Northern Rock sinks amid low expectations
U.S. buyout firm J.C. Flowers has made a bid for ailing British bank Northern Rock, Reuters reported this morning. (Reuters) However, Cerberus Capital Management dropped out of the bidding because of subprime-mortgage related losses at lender GMAC, of which it owns 51 percent. (MarketWatch) The J.C. Flowers bid reportedly offers shareholders a “nominal value” for their stakes. But Northern Rock shares—which are down 93 percent this year—dropped even further after the bank said the bids entered so far are “materially below” last Friday’s closing price. (Bloomberg)
HP profits jumps 28 percent
Hewlett-Packard, the world’s largest technology company, reported a 26 percent jump in profits, to $2.2 billion, beating analysts’ forecasts. A 49 percent surge in notebook PC sales and strong overseas earnings helped push HP’s profits. (MarketWatch) The company also issued a rosy growth forecast and said it is buying back $8 billion in shares. CEO Mark Hurd said HP had little exposure to the banking industry, helping it avoid credit pitfalls. HP shares rose a modest 1.4 percent in extended trading. (Reuters) “Very good numbers from HP,” said analyst Daniel Renouard at Robert W. Baird & Co. “This has kind of become almost a boring story as they continue to beat both top and bottom line.” (Bloomberg)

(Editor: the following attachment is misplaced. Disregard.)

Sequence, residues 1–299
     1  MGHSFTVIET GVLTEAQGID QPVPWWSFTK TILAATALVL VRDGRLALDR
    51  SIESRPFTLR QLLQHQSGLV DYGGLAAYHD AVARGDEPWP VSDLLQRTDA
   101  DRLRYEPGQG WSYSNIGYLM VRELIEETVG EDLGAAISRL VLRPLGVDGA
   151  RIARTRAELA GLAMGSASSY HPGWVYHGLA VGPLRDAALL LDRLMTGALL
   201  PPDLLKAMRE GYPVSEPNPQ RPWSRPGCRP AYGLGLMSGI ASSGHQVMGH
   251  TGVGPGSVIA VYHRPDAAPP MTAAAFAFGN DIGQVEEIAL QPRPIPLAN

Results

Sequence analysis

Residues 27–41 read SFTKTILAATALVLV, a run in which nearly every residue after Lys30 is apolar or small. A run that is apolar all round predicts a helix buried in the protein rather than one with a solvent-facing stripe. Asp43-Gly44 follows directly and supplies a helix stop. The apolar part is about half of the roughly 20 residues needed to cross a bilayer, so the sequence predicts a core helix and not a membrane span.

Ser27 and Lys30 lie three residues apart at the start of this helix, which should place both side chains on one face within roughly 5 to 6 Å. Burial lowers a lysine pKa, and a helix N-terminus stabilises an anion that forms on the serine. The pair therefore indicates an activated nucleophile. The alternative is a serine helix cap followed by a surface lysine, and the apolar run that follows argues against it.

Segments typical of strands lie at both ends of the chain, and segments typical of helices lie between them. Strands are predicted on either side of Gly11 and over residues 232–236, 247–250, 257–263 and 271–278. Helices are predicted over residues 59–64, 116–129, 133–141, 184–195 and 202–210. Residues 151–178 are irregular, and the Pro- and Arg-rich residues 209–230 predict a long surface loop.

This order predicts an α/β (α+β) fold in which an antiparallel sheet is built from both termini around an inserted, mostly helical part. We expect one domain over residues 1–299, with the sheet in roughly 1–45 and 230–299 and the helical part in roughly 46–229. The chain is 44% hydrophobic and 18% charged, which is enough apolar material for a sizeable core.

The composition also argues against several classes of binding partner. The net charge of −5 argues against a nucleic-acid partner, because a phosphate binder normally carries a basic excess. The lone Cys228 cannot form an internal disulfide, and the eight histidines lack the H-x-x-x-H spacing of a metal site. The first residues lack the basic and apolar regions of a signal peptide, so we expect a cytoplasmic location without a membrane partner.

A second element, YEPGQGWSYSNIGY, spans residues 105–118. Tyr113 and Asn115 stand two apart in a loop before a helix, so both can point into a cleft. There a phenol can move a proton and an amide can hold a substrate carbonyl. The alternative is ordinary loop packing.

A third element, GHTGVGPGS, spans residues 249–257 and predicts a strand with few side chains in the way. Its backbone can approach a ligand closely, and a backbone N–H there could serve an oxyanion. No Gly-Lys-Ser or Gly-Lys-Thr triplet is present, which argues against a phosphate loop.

Goldman paints gloomy pictures
A dour report from Goldman Sachs analysts late yesterday forecast that housing prices are going to fall much further, credit-related write-downs will jump, and several mortgage-related companies are entering sink-or-swim territory. The analysts said that collateralized debt obligations (CDOs) tied to subprime mortgages will lose $150 billion in value across the banking industry. (Reuters) Earlier yesterday, Goldman downgraded Citigroup from “neutral” to “sell” and forecast $15 billion more in CDO write-downs for the firm over the next two quarters, sending its shares down 5.9 percent and fueling yesterday’s market selloff. (MarketWatch)
Amateurs need not apply
People are watching more videos on the Web, but not necessarily more home-movie-quality videos uploaded by amateur videographers. In a study by Burst Media, user-generated content ranked ninth in 11 categories of what people like to watch online. Web sites are noticing, replacing amateur video content with polished made-for-Web shows and TV programs from Hollywood. Pros like the medium because it gives them more creative control, and Web sites like professional content because it brings ad revenue. “We don’t need the classical user-generated talent when we have the Hollywood talent that wants to work with us,” notes ManiaTV CEO Peter Hoskins. (